Chicken Pancit

That’s right. You read that right. It’s not a typo. Chicken Pancit. Don’t even begin to ask me how to pronounce it. If you have this valuable pronunciation information, please share in the comments section so I’m not wandering around sounding ignorant. Thanks!

I came across this recipe because I had gotten a good deal on rice noodles at the co-op I visit a couple times a year and I was searching for recipes that call for rice noodles so I could finally use them up. These recipes, come to find out, aren’t hugely common!

I found this recipe on, and you can click here for an easy, printable version.

Rice noodles are just what they sound like – noodles made from rice flour instead of wheat flour. From what I understand, this is a recipe friendly for my friend with celiac’s disease (can’t eat gluten), as there is no wheat or gluten in rice noodles.

This recipe turned out to be a gem, and was incredibly simple.

Chicken Pancit


  • 1 -12oz package dried rice noodles (I used a 10-oz package of the super thin ones and that was plenty!)
  • 1 tsp vegetable oil
  • 1 onion, finely diced
  • 3 cloves garlic, minced
  • 2 cups diced cooked chicken breast meat
  • 1 small head green cabbage, thinly sliced
  • 4 carrots, thinly sliced
  • 1/4 cup soy sauce
  • 2 lemons – cut into wedges, for garnish
  1. Place the rice noodles in a large bowl, and cover with warm water. When soft, drain, and set aside.
  2. Heat oil in a wok or large skillet over medium heat. Sauté onion and garlic until soft. Stir in chicken cabbage, carrots and soy sauce. Cook until cabbage begins to soften. Toss in noodles, and cook until heated through, stirring constantly. Transfer pancit to a serving dish and garnish with quartered lemons.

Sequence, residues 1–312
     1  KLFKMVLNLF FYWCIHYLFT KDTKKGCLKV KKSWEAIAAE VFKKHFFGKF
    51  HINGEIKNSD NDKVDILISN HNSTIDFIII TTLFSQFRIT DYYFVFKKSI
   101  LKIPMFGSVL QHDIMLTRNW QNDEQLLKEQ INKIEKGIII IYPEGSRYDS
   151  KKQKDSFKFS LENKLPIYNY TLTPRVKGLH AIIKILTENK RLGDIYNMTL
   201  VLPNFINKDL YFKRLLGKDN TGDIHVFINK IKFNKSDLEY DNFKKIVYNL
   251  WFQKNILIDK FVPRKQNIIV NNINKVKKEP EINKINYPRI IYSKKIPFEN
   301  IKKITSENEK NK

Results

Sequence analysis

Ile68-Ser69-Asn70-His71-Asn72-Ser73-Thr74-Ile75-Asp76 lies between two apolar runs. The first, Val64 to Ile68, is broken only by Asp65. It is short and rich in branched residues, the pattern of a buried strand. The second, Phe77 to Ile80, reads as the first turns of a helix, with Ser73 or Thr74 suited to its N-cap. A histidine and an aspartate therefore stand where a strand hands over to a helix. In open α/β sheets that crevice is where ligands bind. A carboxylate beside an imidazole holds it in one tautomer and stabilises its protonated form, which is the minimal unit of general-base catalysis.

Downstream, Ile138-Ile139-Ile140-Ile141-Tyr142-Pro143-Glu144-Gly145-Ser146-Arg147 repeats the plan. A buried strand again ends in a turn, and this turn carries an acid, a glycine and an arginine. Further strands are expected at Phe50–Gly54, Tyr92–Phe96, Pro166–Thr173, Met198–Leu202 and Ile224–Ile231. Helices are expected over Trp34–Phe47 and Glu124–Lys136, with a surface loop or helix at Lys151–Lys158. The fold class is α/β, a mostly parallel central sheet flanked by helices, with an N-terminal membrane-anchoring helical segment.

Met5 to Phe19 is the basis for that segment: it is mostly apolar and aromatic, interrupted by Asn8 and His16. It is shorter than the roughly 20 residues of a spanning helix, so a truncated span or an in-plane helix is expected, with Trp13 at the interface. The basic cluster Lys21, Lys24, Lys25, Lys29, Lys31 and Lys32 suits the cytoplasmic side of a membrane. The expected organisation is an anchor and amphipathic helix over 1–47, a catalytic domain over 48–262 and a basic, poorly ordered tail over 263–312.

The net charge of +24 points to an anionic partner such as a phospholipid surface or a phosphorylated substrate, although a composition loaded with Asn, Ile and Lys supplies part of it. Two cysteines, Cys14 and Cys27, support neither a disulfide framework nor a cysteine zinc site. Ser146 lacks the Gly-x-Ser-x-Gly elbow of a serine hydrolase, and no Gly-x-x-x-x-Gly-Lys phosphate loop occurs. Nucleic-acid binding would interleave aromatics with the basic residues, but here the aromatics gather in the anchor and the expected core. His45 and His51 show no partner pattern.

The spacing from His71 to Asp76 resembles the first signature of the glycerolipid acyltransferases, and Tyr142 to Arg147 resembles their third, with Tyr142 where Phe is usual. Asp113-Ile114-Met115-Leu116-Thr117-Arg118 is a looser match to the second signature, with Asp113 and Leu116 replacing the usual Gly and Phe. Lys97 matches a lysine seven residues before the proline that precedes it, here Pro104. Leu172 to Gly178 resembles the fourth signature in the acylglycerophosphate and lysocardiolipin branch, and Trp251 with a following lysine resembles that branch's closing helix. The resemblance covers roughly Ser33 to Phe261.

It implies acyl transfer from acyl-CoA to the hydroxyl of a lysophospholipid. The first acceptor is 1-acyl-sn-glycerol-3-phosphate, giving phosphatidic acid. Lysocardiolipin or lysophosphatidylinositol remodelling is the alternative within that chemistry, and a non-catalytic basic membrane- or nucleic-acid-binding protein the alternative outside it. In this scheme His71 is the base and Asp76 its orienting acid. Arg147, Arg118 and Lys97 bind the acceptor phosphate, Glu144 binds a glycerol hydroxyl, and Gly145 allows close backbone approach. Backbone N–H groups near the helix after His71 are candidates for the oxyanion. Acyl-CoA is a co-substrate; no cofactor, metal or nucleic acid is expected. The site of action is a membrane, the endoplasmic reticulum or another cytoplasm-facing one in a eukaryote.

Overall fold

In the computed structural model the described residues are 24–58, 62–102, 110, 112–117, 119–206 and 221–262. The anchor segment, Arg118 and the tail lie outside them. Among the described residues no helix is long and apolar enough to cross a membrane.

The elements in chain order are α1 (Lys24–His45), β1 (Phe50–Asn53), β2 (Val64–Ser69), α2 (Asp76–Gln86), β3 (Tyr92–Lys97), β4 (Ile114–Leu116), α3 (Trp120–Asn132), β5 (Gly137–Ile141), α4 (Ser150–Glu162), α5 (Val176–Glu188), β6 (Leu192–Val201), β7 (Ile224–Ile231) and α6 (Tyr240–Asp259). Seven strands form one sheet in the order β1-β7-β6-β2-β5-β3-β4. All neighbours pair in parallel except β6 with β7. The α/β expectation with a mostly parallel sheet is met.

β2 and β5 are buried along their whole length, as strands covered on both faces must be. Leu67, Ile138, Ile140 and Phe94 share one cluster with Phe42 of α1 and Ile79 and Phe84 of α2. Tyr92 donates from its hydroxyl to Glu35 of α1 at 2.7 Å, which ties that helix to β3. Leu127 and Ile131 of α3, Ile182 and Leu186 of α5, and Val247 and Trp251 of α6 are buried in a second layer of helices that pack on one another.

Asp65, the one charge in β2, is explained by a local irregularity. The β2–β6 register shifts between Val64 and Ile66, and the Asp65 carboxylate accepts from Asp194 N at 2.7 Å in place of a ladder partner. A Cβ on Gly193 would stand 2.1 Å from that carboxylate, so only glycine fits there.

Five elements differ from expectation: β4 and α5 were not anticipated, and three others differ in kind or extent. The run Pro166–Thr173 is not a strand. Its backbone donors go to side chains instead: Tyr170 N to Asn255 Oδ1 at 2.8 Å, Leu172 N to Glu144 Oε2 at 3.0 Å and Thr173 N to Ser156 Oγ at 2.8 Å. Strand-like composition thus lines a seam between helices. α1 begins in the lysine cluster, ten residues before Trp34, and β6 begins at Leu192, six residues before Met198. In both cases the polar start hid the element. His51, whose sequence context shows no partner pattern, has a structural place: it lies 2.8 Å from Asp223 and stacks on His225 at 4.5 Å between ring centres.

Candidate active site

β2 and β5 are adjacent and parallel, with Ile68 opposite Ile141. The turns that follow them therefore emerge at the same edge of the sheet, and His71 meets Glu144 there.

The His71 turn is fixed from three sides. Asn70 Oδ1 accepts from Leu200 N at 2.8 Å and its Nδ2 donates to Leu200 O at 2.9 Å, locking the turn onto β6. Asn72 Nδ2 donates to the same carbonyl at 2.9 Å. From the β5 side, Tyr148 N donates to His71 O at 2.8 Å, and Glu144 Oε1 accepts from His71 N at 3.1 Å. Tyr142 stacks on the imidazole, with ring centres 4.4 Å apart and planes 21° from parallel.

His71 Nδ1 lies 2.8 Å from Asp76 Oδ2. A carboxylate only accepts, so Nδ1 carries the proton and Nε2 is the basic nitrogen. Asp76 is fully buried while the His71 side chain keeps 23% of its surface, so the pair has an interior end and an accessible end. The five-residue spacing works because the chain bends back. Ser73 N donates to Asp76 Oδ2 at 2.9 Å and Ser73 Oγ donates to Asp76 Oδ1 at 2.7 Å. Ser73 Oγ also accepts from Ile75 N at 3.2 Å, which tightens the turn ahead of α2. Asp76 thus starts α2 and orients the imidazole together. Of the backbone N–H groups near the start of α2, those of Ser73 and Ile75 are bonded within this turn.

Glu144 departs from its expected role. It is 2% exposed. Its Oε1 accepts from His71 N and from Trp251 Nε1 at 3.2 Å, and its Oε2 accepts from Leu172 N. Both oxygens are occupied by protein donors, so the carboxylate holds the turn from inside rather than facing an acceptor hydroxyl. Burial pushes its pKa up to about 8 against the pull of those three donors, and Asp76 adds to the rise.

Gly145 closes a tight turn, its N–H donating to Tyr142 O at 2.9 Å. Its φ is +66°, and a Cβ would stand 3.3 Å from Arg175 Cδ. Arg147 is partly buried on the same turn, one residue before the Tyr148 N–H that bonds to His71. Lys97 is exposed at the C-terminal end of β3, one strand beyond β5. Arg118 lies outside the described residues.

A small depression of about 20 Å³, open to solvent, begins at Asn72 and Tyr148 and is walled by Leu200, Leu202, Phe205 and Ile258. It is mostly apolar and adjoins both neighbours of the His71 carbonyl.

Now I know you’re dying to see what this looks like. So I won’t make you wait any longer. I’m a nice person aren’t I?
The ingredients…and what rice noodles look like when they’re soaking. Tasty! And for my friends who like to do gross games at Halloween with peeled grapes as eyeballs and such, I highly recommend trying out rice noodles next year. The texture while they’re soaking is enough to make you squirm a little bit.
Time to stir-fry it up. (Cue rock’n’roll cooking music. I may or may not have a tendency to dance around in my kitchen to Travelin’ Band by Creedence Clearwater Revival. No video-taping allowed.)
Look at my handsome assistant, adding the soy sauce!
Already lookin’ and smellin’ tasty…and now for the final product!
Hellooooo chicken pancit!

We loved this dish as a whole and it will definitely be going on our repeat list. It was simple to do when I got home from work, and it’s incredibly light and fresh so you don’t feel totally full when you’re done. A welcome change from the heavy, dense winter foods we’ve been eating.
A remarkable thing too: I LOVED this recipe. And I hate cooked cabbage. Usually, I have to leave the room while it’s cooking, otherwise I get sick to my stomach. I have no problem with it raw, like in cole slaw and other salads, but the second it hits a pan, I’m a goner. However, this recipe pleasantly surprised me. Not only was it good the night we made it, but it was still good after I re-heated it for lunch – which I was worried about. And, cabbage is very healthy for you – bonus! 

I’ve been leaning a lot towards Asian food lately in my cooking, since it tends to be a lot easier on my extremely sensitive stomach, so prepare yourself for more Asian yumminess headed your way soon!

One thought on “Chicken Pancit

  1. I know this entry is old, but I just wanted to say- as Americans, we typically say pan-sit, which is acceptable, but I believe the correct way is pun-sit. Also, you can throw any veggies in there. Last week we had some with cauliflower in it, delish! I also, personally, like to squeeze some lemon into the mix while cooking.

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